Although tax deduction caps are likely to be enacted as part of any political compromise before the end of the year, rate changes are far more transparent and ought to be a significant component of any reform. The White House and Republican congressional leaders clearly are divided on the prospect of raising or lowering tax rates.
With split partisan control of federal political offices, it seems unlikely that any significant modification to the current rate structure is in the cards. However, there appears to be bipartisan support for limitations on deductions for high-income individuals. Although broadening the tax base by making more income subject to tax (by, e.g., limiting deductions) is a sound and effective revenue raising maneuver, the impact on individual taxpayers is obscured compared to rate changes.
It is not surprising, then, that politicians can reach compromises on deduction limitations rather than rates. The simple fact is that rate changes and their concomitant effects are too transparent for partisans to concede. Generally speaking, people understand the significance of their top marginal tax rates, but are less likely to thoroughly analyze the consequences of reduced deductions.
Indeed, the tax code includes several deduction caps that are currently dormant as a result of the Bush-era tax cuts. These provisions are scheduled to be revived in January absent legislative action and are accordingly ripe for political bargaining. However, a major drawback to modifying deductions is that such adjustments have traditionally been phased-in to prevent unfairness or taxpayer arbitrage, which increases their complexity and incomprehensibility.
The two most prominent deduction limitation provisions are Internal Revenue Code Sections 68 and 151(d)(3). In 2009, its last effective year, § 68 required single taxpayers to reduce their itemized deductions (e.g., home mortgage interest, medical expenses) once their adjusted gross income (AGI) exceeded $166,800. The limitation was gradual and reduced such deductions by 3 percent of the amount of AGI over $166,800, up to a total 80 percent reduction of all itemized deductions.
Similarly, § 151(d)(3) provided that personal exemptions (currently, a $3,800 deduction for each taxpayer and her dependents) would be scaled back once a taxpayer's AGI exceeded a threshold amount, again, $166,800 for a single individual in 2009. This reduction was two percentage points for each increment of $2,500 the taxpayer's AGI topped $166,800. Thus, if an individual's AGI was $291,800 (and thus exceeded the $166,800 threshold amount by $125,000, or 50 increments of $2,500) her personal exemptions would be reduced entirely (2 percent x 50 = 100 percent).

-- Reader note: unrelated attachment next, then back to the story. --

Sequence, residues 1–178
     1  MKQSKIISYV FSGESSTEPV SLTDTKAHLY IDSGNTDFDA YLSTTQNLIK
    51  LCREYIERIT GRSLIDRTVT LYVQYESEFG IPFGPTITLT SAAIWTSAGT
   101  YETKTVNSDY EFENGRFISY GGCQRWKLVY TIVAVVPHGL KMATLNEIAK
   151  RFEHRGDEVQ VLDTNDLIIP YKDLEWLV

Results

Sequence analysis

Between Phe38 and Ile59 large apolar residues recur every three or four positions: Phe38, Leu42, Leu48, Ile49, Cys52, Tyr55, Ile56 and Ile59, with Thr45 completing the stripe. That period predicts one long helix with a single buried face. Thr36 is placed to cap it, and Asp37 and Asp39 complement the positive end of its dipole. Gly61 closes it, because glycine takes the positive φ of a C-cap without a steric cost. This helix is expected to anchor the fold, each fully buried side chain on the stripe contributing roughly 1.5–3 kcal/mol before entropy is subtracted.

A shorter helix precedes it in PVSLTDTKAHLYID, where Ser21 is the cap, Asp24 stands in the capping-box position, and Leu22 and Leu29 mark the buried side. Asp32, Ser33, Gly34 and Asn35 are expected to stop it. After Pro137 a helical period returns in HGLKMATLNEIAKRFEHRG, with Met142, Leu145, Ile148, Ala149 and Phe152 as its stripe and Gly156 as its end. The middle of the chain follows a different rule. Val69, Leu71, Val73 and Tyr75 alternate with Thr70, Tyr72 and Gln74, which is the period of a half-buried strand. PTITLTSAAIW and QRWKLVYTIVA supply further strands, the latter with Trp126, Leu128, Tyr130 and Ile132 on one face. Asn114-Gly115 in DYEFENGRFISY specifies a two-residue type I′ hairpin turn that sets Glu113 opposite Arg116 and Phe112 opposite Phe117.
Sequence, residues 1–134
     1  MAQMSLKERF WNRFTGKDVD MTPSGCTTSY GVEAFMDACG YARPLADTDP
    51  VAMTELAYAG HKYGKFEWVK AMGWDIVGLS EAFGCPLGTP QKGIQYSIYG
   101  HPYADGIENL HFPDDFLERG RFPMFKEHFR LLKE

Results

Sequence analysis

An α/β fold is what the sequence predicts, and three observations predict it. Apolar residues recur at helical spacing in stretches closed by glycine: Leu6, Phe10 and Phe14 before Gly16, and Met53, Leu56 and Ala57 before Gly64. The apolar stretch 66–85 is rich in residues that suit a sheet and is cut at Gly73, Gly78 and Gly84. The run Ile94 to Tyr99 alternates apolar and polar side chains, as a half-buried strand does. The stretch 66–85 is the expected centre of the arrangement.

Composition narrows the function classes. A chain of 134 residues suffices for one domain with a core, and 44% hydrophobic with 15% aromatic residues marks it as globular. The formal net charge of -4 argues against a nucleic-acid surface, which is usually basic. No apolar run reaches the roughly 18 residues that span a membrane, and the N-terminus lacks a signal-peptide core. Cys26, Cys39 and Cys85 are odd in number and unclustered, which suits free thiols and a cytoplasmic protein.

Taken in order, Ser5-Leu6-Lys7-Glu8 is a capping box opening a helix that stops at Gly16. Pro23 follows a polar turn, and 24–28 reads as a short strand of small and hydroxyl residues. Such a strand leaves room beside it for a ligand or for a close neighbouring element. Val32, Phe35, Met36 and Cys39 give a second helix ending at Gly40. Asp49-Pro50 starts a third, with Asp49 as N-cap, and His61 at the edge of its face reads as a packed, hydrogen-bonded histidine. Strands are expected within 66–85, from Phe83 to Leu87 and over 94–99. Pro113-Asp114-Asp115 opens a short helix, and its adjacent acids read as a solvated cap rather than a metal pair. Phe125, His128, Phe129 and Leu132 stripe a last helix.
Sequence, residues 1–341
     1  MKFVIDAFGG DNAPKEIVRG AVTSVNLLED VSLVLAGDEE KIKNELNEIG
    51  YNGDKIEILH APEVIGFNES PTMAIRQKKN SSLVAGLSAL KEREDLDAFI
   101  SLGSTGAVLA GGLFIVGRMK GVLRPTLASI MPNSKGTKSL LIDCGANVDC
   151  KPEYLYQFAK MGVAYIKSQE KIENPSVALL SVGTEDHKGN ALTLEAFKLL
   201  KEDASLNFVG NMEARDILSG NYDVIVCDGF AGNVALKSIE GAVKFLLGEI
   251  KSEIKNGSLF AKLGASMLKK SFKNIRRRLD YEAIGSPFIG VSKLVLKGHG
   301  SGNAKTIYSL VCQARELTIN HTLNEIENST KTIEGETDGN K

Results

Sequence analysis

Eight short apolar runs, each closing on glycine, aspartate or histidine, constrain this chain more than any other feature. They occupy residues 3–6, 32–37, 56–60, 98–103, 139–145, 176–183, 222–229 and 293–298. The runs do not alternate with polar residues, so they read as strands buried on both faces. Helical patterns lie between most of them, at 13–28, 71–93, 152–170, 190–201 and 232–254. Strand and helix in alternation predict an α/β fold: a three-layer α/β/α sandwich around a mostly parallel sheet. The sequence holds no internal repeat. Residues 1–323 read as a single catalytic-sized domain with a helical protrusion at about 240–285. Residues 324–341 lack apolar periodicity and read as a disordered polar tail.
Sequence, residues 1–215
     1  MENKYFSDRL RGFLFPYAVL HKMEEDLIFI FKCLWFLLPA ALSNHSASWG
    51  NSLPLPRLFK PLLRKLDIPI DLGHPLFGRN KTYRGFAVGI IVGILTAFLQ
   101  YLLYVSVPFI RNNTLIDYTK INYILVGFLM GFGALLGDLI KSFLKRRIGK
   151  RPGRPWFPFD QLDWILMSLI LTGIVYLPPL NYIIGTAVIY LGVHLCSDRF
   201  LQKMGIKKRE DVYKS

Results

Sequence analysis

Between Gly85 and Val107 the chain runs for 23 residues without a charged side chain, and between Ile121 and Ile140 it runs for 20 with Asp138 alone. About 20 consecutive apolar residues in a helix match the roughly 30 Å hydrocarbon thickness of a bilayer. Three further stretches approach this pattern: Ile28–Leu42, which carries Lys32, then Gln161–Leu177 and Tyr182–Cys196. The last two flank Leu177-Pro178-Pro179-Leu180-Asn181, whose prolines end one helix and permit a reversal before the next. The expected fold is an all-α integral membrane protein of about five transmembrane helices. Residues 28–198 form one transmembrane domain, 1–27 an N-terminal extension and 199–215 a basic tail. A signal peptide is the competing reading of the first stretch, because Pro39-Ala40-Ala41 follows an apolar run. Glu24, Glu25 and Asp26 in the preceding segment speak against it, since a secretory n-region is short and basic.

Both deduction limitation provisions were gradually weakened and eventually repealed as part of the Bush tax cuts. However, they will come back into full effect in 2013 absent congressional action.
The point of describing these provisions here is to demonstrate that it is indeed difficult for the average taxpayer to determine the impact of deduction phase-outs. While they provide an admirable degree of progressivity into the tax structure (i.e., those who have higher incomes get more benefit from deductions, which effectively reduce taxable income at the highest marginal rates), deduction limitations are not a very transparent way of reforming the tax code. A current proposal to cap deductions at a flat $25,000 is comparatively simple, but is not artfully tailored to address specific deductions that are viewed as particularly problematic or to anticipate probable tax-planning maneuvers.
In contrast, if an individual pays a 25 percent highest marginal tax rate, then it's easy to see that 25 cents of the next dollar she earns will go the federal coffers. If that rate goes up to 28 percent, then 28 cents will be allocated to income taxes.
This example is an oversimplification. The tax rate is obviously applied to an individual's taxable income, and deductions and exemptions determine the amount of income subject to tax. However, generally speaking, the broad impact of rate changes is far more transparent and comprehensible to average taxpayers, and for that reason, rates are a proper locus for tax reform.
The problem, of course, is that transparency in tax reform creates unhappy constituencies, namely those paying higher rates. Politicians are far more likely to be held accountable for raising tax rates than for limiting deductions, even if the ultimate tax bills are the same. This incentive to "hide the ball" in tax reform is troubling.
David Foster Wallace satirically suggested in his posthumous novel, The Pale King, that the IRS uses the complexity of the tax code as an enforcement mechanism. "[V]ery few ordinary Americans know anything about... changes that today directly affect the way citizens' tax obligations are determined and enforced. ... The real reason why US citizens were/are not aware of these conflicts, changes, and stakes is that the whole subject of tax policy and administration is dull. Massively, spectacularly dull."
Perhaps Wallace was unintentionally accurate. Congress's ability to compromise on less transparent tax reform, but not tax rates, suggests that maybe taxpayers aren't intended to understand the consequences of such reform.